Indeed, my favorite joke this week took a second to click, when Sean, Laszlo, and Colin return from the bar and Laszlo appeared to be falling-down drunk. A vampire feasting on finance bros is a satisfying joke—a bloodsucker sucking the bloodsuckers, how apropos—and Laszlo appearing in vampire court completely blood-hammered after losing in human small claims court, only to win his first case ever because his wife is a judge, is a cutting comment on how systems of power protect the incompetent and well-connected. For Guillermo to save his friend Derek from turning into a pile of ash and white Doc Martens, he has to manipulate the vampires into thinking this was all their idea—something I’m sure none of us has ever experienced in our professional lives. Ah, we laugh because otherwise we’d cry. But seriously, though, friends don’t let friends shop at Hot Topic. It’s not 2001 anymore.
- A quick Google of the term “Garfield novelty mug” turned up a few winners, but this one will haunt my sleep tonight.
- I’m sure the board game enthusiasts in the audience will take this week’s mild poke at their hobby with grace and good humor...
- ...as will the Thelemites to a simplification of the meaning behind Aleister Crowley’s famous saying, “do what thou wilt shall be the whole of the law.”
- It’s a fun coincidence that this episode airs just a couple of weeks after the LuLaRich docuseries premiered on Amazon. Scammers seem to be having a moment in pop culture right now—nothing to do with the hangover from a previous political administration, I’m sure.
- No one cast member gets an award for their performance on this episode, but here are a few little moments that resonated with me: Natasia Demetriou giving a little smile to the wraith and kissing it on the head in the Council chamber; Harvey Guillen’s polite smile and mumbled “no thank you” when Kristen Schaal’s The Guide suggested a rub ‘n’ tug; and Mark Prosch’s look of disgust when Sean’s brother patted him on the leg.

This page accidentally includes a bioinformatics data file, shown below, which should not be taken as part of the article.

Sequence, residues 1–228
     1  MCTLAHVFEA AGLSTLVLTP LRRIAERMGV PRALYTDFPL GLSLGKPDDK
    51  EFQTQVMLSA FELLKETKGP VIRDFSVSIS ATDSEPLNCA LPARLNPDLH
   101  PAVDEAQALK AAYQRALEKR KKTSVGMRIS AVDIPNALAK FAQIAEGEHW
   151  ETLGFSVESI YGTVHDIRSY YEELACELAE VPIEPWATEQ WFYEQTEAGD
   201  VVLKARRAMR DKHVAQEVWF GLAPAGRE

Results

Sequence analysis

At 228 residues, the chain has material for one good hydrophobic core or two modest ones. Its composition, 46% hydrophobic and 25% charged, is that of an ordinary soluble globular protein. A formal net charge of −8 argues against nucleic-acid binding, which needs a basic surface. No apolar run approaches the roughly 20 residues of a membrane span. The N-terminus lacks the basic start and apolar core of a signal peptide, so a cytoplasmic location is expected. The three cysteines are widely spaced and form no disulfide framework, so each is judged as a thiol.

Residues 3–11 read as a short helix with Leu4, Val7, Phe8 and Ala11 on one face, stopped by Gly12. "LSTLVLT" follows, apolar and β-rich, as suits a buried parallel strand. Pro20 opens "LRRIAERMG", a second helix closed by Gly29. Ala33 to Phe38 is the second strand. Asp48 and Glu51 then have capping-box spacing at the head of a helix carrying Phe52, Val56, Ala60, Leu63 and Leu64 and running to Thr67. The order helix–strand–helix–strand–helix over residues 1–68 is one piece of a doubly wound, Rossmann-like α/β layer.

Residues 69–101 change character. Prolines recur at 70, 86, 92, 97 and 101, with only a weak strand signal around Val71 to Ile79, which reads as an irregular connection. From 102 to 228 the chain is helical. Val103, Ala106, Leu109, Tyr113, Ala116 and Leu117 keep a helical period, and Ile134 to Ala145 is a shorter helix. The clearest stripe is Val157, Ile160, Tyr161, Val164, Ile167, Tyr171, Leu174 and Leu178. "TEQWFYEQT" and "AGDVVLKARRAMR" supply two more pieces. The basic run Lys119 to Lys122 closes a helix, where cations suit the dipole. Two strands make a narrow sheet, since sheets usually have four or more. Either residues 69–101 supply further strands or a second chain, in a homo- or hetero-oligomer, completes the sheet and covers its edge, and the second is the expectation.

- On the topic of the Scream mask, I defer to Desus Nice and The Kid Mero, who had this to say about it in their 11 Questions interview:
DN: We’re both kids from the Bronx, and in the Bronx it’s the Jason mask—
TKM: Or the Scream mask. Or the Dead Presidents mask, you know, the white face with the black eyes. Those are the Bronx costumes.
DN: With the Jason mask, you could commit a crime and they’d be like, “The guy was wearing a Jason mask,” but that’s 90% of the Bronx at any given moment on Halloween. It’s a great way to disappear.
TKM: It’s the same thing with the Scream mask. Here’s what I’ll say about the Scream mask: Depending on where you get it, it’ll have sweat-wicking technology. So when you’re running from the cops after you throw an egg at them—you know what I’m saying? Your sweat is absorbed by the nylon.
- Was it just me, or did I hear the Crow Cam squawk “hello?”
- Chris Sandiford, who makes his return this week as Mosquito Collector-turned-baby vampire Derek, currently has just under 1,200 followers on Twitter. What do you say we get him to 2k by the end of the night? (You can also watch a bunch of his stand-up and sketch comedy on his YouTube page.) Looking good in those new vampire threads in the mid-credits scene, Chris!!
- One thing I didn’t quite get in this week’s episode was how afraid the vampires were of Derek’s dog. They seemed fine with dogs back in season one, when they smuggled Laszlo out of animal control.
- Animals being put on trial for various crimes was a more common practice in early modern Europe than you might think. Witness the 1906 legal tome Criminal Prosecution And Capital Punishment Of Animals, which catalogs 34 separate incidents where pigs were put on trial for crimes ranging from snarfing up consecrated communion wafers to murder.
- A Wired article about the phenomenon is, delightfully enough, illustrated with the original 1864 drawing that the WWDITS art department modified for this week’s episode. It depicts the trial of a sow and her six piglets, who were accused of killing and eating a child (!) in Lavegny, France in 1457. You can compare the two below, and dig more into that story here.